The golden age of cocktails

age of cocktails
Bartenders started popping up, using their creativity and skill to invent new concoctions. The first modern cocktail was invented by Jerry Thomas, an American bartender who wrote an influential book on how to make cocktails called "The Bartender's Guide" in 1862. He shared secrets on how to make classic cocktails, like an Old Fashioned. 

Of course, you can't have cocktails without one key ingredient – ice! And we all have Frederic "Ice King" Tudor to thank for that. He started shipping ice cuts from New England ponds to warmer climates around the world in the early 19th century. Once cocktails aroused the senses, the momentum really picked up. But something around the corner was about to throw a spanner in the works.

The Prohibition Era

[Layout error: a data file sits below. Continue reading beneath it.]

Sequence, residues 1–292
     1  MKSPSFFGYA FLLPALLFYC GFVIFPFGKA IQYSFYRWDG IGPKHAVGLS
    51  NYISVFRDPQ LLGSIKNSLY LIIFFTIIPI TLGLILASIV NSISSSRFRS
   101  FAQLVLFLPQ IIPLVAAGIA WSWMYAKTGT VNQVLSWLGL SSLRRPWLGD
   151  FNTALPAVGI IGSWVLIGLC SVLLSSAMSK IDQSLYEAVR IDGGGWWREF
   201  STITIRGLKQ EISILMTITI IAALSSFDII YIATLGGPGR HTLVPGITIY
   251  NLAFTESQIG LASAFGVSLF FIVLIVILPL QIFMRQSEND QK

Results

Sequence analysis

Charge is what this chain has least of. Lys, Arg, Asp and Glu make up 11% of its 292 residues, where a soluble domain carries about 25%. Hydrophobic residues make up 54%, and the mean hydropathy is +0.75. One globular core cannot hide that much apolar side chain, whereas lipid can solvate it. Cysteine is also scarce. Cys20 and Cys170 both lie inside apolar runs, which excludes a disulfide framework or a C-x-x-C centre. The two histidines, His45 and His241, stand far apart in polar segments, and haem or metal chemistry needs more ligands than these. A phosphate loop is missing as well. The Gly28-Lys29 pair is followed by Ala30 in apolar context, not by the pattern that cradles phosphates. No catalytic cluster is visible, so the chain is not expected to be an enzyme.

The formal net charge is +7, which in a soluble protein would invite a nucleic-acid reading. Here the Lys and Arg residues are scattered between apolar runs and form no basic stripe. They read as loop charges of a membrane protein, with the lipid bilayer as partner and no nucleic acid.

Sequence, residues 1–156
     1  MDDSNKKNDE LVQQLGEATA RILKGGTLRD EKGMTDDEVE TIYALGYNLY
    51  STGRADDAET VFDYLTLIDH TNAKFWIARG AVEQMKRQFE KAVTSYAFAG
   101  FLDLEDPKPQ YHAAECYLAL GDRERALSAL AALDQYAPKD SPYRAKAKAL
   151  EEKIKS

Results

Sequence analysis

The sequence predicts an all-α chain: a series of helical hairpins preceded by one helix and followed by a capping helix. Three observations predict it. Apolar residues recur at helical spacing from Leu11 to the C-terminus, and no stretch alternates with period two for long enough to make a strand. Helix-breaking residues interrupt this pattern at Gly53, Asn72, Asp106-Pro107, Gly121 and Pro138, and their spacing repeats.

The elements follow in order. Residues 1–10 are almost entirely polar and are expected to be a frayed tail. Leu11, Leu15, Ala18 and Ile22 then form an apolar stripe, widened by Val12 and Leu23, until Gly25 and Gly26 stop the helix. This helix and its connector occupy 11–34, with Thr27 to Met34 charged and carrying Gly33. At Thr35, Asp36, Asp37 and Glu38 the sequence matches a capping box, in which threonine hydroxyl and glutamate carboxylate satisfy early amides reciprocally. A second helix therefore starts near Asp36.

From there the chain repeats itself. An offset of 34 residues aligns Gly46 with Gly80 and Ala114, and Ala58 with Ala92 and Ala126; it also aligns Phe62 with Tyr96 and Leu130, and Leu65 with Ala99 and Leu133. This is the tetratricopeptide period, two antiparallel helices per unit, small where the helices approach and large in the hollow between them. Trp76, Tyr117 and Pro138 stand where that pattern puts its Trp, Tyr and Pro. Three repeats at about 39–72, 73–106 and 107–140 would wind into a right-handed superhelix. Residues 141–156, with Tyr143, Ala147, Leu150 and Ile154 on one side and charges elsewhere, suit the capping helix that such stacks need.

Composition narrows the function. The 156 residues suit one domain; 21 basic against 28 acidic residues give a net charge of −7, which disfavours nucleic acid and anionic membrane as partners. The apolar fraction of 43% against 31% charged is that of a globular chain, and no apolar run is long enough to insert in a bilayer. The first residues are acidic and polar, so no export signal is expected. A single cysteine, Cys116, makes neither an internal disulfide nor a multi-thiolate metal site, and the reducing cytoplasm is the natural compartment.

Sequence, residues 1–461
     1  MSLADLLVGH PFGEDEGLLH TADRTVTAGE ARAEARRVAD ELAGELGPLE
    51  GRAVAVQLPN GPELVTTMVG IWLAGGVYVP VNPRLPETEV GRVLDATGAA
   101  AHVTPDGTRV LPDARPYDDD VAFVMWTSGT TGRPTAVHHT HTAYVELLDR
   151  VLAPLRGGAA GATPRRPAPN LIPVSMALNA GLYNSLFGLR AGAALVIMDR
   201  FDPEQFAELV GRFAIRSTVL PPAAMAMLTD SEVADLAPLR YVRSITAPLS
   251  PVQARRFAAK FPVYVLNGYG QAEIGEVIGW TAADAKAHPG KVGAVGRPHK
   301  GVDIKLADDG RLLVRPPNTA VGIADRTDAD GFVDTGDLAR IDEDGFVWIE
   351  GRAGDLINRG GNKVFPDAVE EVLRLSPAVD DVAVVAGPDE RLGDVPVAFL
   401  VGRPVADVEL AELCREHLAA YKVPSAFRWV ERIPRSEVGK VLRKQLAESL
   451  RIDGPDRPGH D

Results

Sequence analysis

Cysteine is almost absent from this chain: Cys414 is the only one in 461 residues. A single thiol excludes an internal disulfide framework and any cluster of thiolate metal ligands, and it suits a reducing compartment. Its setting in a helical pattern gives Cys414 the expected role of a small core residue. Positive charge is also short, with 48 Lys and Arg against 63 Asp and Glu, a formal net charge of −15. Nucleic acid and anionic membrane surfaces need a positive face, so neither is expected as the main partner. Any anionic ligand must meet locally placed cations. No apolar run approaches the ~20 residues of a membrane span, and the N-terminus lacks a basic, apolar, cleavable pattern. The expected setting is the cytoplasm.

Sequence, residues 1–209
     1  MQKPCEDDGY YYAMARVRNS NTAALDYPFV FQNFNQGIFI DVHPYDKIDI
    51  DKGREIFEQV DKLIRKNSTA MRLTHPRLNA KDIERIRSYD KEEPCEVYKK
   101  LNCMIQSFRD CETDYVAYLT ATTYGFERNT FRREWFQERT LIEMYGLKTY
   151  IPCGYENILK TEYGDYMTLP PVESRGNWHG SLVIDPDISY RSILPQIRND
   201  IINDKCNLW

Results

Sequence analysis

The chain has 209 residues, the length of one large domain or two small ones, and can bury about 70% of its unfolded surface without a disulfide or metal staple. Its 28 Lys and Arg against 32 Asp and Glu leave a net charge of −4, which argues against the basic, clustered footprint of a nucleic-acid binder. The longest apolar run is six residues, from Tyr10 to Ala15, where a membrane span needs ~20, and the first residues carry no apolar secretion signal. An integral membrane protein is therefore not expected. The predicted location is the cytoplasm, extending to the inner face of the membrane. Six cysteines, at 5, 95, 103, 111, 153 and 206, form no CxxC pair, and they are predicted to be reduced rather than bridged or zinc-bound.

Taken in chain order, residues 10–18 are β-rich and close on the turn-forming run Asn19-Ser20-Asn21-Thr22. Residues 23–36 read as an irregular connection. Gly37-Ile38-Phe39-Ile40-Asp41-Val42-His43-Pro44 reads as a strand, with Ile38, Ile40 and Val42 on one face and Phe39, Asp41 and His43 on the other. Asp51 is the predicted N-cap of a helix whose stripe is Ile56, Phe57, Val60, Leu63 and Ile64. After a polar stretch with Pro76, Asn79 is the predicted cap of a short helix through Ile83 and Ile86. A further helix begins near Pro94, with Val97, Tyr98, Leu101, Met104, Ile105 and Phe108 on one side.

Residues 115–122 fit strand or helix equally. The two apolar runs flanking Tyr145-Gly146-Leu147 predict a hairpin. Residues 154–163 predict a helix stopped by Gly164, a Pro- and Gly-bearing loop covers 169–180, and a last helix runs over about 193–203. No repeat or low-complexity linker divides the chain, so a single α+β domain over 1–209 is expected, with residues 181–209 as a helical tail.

Prohibition hit America in the 1920s, banning alcohol for 13 years. Ouch. But the people weren’t having it, and this proved to be a time of great change for cocktails. The rise of speakeasies and the influence of Ada Coleman (more on her later), helped to spread the popularity of cocktails.

Many cocktails were invented during the Prohibition Era with, the Margarita cocktail probably being the most famous. According to legend, it was created by Carlos "Danny" Herrera at his Tijuana bar in 1938 when he ran out of tequila but still wanted to serve something strong enough to keep customers drinking through Prohibition's long dry spell. Another famous Prohibition cocktail is ‘The Sidecar’ – a classic brandy-based cocktail.

Understanding Tiki Cocktail Culture

Tiki Cocktail Culture